Bernie's plan to soak the rich

  • 5 February 2019
  • NormanL

Vermont Sen. Bernie Sanders, who is again seeking the Demcoratic presidential nomination, has some competition for progressive votes. What's a would-be nominee to do? Why, propose a new tax that socks it to the rich. Or in Sanders' case, to the estates of the dead who happen to be considered rich in the eyes of the tax code.

According to the Tax Foundation, Sanders' plan may sound very progressive, but is unlikely to come close to raising the trillions of dollars he promises:

Currently, the estate tax levies a 40 percent tax on the total value of property passed to heirs beyond a roughly $11 million exemption for individuals ($22 million for married couples). Sen. Sanders’ plan would:

* Reduce the exemption to $3.5 million, and tax the value of estates up to $10 million at a rate of 45 percent
* Tax estates valued between $10 million and $50 million at a rate of 50 percent
* Tax estates valued between $50 million and $1 billion at 55 percent
* Tax estates valued at more than $1 billion at a rate of 77 percent.

These more punitive rates would, naturally, and quite predictably, lead to people sheltering their assets from the tax man:

Because of the high rates and the progressive rate structure, high-net-worth individuals will have a strong incentive to shelter their assets to avoid the tax.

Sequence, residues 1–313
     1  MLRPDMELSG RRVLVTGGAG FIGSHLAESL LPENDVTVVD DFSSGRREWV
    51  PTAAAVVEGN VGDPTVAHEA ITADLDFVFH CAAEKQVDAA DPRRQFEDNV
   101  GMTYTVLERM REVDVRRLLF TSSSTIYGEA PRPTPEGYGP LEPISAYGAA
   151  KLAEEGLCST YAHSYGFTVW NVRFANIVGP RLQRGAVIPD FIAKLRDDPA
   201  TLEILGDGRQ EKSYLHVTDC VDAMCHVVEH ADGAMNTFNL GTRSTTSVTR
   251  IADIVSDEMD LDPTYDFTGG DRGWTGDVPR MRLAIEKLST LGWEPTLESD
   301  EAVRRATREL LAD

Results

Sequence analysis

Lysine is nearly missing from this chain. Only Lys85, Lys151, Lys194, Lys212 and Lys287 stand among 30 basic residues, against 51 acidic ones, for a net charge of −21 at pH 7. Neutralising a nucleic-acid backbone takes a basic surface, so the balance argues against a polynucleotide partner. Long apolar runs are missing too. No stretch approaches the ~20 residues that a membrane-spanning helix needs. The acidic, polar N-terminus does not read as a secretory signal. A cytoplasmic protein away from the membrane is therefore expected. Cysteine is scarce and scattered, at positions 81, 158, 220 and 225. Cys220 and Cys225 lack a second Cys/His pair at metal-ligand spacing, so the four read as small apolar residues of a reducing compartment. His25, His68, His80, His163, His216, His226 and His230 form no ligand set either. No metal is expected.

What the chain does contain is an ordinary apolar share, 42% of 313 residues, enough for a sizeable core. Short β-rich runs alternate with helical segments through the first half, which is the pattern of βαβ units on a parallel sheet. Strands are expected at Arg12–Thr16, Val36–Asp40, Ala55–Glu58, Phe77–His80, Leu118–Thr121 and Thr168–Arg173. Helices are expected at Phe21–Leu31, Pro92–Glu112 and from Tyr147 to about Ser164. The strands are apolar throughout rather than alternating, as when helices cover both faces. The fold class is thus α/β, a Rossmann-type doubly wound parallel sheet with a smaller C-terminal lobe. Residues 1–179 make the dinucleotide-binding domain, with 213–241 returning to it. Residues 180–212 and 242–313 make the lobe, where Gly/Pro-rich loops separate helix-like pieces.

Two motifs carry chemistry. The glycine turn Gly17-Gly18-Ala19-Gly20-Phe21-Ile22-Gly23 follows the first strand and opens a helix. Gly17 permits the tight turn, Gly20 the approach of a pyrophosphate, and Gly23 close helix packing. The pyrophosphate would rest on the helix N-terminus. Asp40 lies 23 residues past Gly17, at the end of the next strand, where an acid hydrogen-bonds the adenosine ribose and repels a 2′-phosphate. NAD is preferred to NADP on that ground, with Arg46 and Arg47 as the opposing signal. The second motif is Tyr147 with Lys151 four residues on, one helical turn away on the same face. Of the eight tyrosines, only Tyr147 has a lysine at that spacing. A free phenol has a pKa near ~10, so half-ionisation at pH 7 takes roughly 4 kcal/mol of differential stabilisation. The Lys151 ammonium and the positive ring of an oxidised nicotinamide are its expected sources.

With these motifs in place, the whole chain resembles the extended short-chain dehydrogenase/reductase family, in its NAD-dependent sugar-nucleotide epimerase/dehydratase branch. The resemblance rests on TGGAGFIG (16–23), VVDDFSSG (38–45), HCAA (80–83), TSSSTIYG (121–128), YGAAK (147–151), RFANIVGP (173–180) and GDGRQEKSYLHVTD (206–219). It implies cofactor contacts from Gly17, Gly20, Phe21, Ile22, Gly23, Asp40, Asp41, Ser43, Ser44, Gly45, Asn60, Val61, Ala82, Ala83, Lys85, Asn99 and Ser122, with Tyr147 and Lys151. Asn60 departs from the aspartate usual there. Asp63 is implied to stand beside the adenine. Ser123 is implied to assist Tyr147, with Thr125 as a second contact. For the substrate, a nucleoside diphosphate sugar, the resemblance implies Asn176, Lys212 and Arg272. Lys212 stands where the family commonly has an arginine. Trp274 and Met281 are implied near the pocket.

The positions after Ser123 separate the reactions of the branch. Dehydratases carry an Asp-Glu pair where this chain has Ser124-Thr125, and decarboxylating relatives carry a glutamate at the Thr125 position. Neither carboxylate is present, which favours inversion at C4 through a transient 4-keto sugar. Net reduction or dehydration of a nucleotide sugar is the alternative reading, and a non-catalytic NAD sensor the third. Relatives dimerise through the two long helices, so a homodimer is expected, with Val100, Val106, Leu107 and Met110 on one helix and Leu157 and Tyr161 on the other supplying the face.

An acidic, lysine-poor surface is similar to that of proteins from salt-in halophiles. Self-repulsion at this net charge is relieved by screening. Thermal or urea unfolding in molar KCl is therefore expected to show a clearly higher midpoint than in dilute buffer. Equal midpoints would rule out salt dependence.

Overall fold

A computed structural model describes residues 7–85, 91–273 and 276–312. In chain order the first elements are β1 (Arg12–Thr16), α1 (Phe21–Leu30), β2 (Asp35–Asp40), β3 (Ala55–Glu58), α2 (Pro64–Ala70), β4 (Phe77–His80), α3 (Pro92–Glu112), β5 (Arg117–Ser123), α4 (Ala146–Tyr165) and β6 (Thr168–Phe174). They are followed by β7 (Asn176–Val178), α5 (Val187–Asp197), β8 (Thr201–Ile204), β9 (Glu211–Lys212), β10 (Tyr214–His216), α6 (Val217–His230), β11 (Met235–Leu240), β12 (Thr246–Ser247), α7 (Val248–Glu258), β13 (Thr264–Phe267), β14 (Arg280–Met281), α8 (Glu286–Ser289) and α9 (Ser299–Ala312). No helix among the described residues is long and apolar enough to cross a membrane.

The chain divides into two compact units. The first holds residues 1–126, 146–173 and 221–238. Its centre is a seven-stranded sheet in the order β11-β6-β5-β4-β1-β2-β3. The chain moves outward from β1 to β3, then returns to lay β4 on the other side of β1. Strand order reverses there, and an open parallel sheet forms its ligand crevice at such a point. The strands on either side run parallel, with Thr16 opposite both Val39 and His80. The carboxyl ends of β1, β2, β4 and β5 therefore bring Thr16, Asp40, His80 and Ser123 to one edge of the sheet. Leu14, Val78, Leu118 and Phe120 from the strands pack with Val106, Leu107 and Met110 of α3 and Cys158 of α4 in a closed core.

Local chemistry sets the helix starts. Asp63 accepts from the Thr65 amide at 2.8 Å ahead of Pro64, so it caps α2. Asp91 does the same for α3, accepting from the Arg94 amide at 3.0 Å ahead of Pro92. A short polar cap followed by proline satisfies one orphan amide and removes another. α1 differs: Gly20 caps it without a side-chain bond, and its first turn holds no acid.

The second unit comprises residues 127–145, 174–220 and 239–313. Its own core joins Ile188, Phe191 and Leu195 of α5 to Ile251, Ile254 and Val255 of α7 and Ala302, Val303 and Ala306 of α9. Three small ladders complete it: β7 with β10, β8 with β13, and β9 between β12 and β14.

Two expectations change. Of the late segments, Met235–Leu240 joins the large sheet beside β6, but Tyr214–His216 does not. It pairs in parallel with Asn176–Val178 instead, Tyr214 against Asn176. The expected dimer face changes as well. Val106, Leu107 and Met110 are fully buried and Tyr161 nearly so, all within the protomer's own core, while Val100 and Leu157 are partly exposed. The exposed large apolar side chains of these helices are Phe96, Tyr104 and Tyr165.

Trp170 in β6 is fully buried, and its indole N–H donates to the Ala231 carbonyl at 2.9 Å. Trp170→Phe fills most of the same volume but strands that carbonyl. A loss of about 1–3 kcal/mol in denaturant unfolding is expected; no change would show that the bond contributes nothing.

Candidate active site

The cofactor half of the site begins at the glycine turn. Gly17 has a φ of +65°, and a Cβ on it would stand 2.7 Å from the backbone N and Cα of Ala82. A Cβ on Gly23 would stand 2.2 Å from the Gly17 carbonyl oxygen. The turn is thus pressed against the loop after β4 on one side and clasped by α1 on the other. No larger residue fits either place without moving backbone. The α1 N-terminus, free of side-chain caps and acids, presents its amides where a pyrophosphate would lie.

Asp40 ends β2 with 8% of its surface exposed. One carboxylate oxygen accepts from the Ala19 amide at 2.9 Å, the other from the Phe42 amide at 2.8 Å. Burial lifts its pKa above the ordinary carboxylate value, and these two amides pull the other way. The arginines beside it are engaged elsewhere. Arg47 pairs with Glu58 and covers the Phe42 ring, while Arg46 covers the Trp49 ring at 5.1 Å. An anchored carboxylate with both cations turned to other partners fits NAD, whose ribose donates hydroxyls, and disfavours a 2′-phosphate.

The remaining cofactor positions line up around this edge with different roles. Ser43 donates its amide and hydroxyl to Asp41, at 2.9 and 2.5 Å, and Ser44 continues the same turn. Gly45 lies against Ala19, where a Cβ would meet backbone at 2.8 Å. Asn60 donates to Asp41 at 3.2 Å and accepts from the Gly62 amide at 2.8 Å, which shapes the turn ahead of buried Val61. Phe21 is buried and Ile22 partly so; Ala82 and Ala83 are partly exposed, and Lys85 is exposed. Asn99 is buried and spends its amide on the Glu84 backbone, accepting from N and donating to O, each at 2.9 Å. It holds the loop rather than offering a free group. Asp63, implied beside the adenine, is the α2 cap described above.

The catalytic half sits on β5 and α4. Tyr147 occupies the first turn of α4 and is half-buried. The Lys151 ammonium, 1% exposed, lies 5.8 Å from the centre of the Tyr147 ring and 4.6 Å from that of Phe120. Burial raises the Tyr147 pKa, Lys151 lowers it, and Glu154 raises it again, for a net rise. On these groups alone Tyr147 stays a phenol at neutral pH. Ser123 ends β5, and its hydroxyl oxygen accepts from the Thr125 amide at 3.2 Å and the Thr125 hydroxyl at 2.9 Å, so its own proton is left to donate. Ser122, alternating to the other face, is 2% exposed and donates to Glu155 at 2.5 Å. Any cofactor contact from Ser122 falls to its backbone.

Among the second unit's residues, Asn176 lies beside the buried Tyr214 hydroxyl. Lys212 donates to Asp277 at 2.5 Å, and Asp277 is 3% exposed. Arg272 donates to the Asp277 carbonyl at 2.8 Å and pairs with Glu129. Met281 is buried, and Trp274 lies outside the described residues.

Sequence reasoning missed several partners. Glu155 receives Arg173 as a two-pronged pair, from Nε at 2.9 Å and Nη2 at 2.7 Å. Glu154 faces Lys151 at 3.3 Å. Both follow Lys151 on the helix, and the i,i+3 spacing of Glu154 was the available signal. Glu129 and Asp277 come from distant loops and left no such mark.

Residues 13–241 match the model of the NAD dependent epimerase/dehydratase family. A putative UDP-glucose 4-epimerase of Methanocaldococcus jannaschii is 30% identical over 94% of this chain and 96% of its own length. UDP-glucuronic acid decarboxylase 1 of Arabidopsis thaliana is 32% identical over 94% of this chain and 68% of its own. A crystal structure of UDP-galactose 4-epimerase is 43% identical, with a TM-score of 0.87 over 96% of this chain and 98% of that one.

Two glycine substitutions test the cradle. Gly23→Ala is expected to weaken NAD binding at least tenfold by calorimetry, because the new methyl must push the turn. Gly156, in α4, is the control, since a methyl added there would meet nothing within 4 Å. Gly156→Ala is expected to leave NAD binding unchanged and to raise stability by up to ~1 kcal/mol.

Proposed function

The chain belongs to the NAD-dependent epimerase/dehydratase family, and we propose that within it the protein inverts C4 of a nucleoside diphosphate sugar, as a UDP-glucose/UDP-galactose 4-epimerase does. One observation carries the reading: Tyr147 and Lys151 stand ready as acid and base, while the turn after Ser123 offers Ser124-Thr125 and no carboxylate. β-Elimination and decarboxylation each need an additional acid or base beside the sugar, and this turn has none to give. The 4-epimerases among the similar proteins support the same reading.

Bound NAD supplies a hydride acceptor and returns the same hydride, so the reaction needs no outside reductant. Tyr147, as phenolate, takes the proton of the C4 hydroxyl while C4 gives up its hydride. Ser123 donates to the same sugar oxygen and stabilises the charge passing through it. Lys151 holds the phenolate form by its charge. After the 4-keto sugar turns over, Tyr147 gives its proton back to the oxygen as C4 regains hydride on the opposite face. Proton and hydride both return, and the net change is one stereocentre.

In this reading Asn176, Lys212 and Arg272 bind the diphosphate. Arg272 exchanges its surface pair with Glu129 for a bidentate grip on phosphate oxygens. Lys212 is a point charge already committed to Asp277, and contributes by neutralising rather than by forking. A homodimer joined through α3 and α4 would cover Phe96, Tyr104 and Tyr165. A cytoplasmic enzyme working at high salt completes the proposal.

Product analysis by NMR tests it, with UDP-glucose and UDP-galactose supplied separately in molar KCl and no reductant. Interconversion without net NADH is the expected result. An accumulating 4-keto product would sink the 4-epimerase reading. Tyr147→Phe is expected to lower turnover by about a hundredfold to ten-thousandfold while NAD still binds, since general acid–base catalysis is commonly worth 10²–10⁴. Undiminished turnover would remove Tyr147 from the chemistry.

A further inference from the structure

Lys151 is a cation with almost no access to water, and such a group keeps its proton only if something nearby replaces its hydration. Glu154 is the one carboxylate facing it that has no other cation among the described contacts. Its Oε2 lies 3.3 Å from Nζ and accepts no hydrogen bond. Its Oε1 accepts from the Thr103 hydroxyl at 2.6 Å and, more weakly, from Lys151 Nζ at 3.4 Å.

In general, tax avoidance is costly both from an economic standpoint (because it encourages unproductive tax planning) and a revenue standpoint, as people hide their money from tax collectors. But the estate tax generates particularly large compliance costs. In fact, research has shown that the compliance costs associated with estate planning are actually greater than the revenue the estate tax generates.

And let's not forget the larger economic consequences:

And perhaps most importantly, Sen. Sanders’ plan is problematic because it would increase the estate tax’s burden on investment, a key driver of economic growth. To the extent that Sanders’ plan encourages people to consume their income instead of invest it, it will reduce economic output, and with it, government revenues on a dynamic basis. This is because reductions in the size of the economy reduce the output available to government to tax.

All fair and rational points. But they won't sell on the campaign trail, where raising taxes in one form or another -- regardless of their effectiveness or consequences -- is all the rage among Democratic candidates.

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